Old Economy Stocks to Fuel Your Retirement

Old but not forgotten. The saying applies to all sorts of things, from people to architecture to great books. You might also apply it to your portfolio.old-economy-stocks

When people think about growth stocks they often think about the Apples, the Googles and the Facebooks of the world. And while there certainly is a lot of money to be made from picking the right technology stocks, investors who strictly buy growth stocks at the exclusion of other more stable sectors are often making a mistake.

“Old economy,” after all, most definitely does not mean dead economy, as a look at some of these sectors shows.

Sector: Railroads
Why it’s still relevant: You can’t get much more old economy than railroads, but there is still no more efficient way for transporting freight long distance.
Old economy stock to consider: Union Pacific Corp. (NYSE: UNP). Shares of this growth engine have more than tripled in five years, and it doesn’t show signs of slowing down. Union Pacific is the country’s leading freight line, with a fleet of more than 8,000 locomotives.
How it stays current: Railroads might have been key to settling the West more than a century ago, but today they must distinguish themselves with superior technology and analytics to manage large, complex networks and maintain on-time deliveries. Union Pacific’s ability to maintain its market lead shows a mastery of these new economy factors.

Sector: Food and Beverage
Why it’s still relevant: Besides the fact that people still have to eat and drink, some of the oldest food and beverage giants are the best positioned to usher in an era of healthier eating on a large scale.
Old economy stock to consider: PepsiCo (NYSE: PEP). While the fourth quarter wasn’t kind to Pepsi – which suffered a staggering 25% drop in profits and a small dip in revenue – those results were due largely to foreign exchange factors rather than underlying fundamentals, and Pepsi weathered these currency challenges better than rival Coca-Cola (NYSE: KO).
Why the future looks bright: This maker of sugary sodas has taken the bold step of embracing healthier lifestyles through recent acquisitions, including Quaker Oats and Tropicana. Today, in addition to its namesake carbonated drink, Pepsi sells bottled water, Greek yogurt, oatmeal, hummus and oven-roasted low-fat chips.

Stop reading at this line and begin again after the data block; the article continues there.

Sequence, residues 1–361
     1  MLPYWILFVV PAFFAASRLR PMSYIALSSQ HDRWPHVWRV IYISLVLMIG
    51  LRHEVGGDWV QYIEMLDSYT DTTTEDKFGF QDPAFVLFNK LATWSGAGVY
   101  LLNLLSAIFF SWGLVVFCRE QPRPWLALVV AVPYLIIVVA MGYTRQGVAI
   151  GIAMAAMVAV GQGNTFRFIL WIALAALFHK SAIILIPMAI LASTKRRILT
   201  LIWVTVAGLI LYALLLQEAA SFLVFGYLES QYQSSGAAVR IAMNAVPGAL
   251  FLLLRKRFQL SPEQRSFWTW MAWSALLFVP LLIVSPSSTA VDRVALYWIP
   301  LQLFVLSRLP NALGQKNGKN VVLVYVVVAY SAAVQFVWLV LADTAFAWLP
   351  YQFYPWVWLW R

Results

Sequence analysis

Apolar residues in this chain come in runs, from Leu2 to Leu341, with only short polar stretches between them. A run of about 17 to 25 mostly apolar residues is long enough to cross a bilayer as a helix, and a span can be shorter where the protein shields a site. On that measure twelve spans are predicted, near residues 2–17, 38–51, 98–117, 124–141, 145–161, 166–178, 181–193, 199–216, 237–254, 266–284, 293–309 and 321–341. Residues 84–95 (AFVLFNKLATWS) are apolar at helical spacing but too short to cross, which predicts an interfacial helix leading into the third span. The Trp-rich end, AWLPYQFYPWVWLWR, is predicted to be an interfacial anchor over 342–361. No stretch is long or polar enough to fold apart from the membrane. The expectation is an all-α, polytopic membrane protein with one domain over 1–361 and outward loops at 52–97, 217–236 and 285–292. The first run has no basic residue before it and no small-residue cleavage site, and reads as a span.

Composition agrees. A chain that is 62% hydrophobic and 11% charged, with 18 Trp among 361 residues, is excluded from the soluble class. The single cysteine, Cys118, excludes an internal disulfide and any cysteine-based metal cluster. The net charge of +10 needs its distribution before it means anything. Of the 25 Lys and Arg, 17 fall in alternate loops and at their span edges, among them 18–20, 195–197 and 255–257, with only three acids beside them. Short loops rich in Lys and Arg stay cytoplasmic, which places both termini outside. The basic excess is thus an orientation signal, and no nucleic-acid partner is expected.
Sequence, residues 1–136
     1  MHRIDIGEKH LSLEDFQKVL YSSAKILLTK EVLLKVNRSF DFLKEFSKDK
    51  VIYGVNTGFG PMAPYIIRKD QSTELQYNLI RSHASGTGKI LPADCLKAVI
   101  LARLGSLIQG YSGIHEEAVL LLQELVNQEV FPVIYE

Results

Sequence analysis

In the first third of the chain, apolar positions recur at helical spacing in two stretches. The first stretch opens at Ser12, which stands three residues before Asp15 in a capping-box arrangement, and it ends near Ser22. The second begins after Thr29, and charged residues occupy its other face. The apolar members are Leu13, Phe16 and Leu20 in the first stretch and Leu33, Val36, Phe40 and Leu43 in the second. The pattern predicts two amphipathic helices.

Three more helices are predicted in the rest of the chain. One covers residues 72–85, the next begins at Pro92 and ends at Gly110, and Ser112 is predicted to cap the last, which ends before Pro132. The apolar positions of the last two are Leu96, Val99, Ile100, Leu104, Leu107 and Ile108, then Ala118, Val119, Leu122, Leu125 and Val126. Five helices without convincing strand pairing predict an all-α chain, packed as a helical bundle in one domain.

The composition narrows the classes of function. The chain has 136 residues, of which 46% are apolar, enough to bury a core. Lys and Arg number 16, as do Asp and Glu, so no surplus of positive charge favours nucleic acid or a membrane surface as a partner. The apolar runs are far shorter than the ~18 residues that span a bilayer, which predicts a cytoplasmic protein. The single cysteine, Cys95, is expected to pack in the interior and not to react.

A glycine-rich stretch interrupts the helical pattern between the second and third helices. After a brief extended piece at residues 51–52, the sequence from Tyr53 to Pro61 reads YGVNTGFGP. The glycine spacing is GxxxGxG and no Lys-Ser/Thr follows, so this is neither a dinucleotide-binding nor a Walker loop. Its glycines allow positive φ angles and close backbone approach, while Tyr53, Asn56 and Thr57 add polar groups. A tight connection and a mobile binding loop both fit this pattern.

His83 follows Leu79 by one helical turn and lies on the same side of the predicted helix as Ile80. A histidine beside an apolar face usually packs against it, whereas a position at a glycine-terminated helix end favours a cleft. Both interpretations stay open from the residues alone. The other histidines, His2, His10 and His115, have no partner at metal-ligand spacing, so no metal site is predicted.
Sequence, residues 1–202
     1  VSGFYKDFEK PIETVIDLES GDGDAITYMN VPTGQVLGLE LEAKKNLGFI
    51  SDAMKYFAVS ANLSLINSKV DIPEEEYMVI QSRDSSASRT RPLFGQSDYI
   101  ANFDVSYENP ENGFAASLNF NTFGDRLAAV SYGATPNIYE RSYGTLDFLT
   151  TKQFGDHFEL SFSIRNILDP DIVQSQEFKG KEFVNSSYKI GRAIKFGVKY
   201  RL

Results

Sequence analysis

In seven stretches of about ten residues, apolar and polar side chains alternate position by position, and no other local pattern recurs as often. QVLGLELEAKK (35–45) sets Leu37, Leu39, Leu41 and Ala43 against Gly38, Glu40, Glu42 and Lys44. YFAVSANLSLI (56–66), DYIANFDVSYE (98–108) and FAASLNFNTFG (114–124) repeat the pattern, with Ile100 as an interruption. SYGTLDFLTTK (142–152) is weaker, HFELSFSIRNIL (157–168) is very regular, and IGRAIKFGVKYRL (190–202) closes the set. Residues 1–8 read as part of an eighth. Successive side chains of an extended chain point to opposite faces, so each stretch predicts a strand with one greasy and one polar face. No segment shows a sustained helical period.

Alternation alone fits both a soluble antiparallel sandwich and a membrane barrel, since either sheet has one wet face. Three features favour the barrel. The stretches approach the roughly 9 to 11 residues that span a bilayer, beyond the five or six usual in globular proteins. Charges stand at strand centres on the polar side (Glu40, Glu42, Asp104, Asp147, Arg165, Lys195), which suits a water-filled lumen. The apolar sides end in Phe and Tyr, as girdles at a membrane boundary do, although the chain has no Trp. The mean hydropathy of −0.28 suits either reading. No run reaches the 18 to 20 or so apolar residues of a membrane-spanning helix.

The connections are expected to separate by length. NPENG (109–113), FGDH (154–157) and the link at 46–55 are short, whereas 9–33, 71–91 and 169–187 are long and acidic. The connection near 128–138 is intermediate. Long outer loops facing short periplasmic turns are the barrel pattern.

Sector: Steel
Why it’s still relevant: From bicycles to cars, kitchen cutlery and heavy machinery, steel is a fixture of modern life.
Old economy stock to consider: Steel Dynamics (NASDAQ: STLD). It earns a profit and it pays a generous dividend. Its stock has grown almost 10% in the past year.
Why consider buying: It’s not exactly a diamond in the rough, but Steel Dynamics is a well-managed and innovative company in an often troubled sector. And it makes a product that’s essential in single-family homes, massive construction projects, planes, trains and automobiles.

Sector: Brick and Mortar Retail
Why it’s still relevant: Did you know that the vast majority of retail sales still occur offline?
Old economy stock to consider: Best Buy (NYSE: BBY). These are challenging times for physical retailers, but brick and mortar retail isn’t going away. Retailers that sell big-ticket appliances that require some tire kicking, as well as smartphones and other electronics that are often impulse buys, have a clear edge in this environment.
The future opportunity: The demise of RadioShack, which has filed for bankruptcy and will close 1,700 stores, essentially removes a key competitor. Best Buy has wisely committed to an omnichannel retail strategy, and as its web presence strengthens it should support increased sales both online and off.

These are just a sampling of the many promising investments that hail from the so-called old economy. One of the benefits of looking to these more established sectors is that it’s often easier to separate the promising businesses from the laggards.

Buying a newly minted tech stock can often feel like a gamble. While old economy stocks might not offer the same potential for off-the-charts growth, the good ones can win the race with that old strategy: slow and steady.

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Published by Wyatt Investment Research at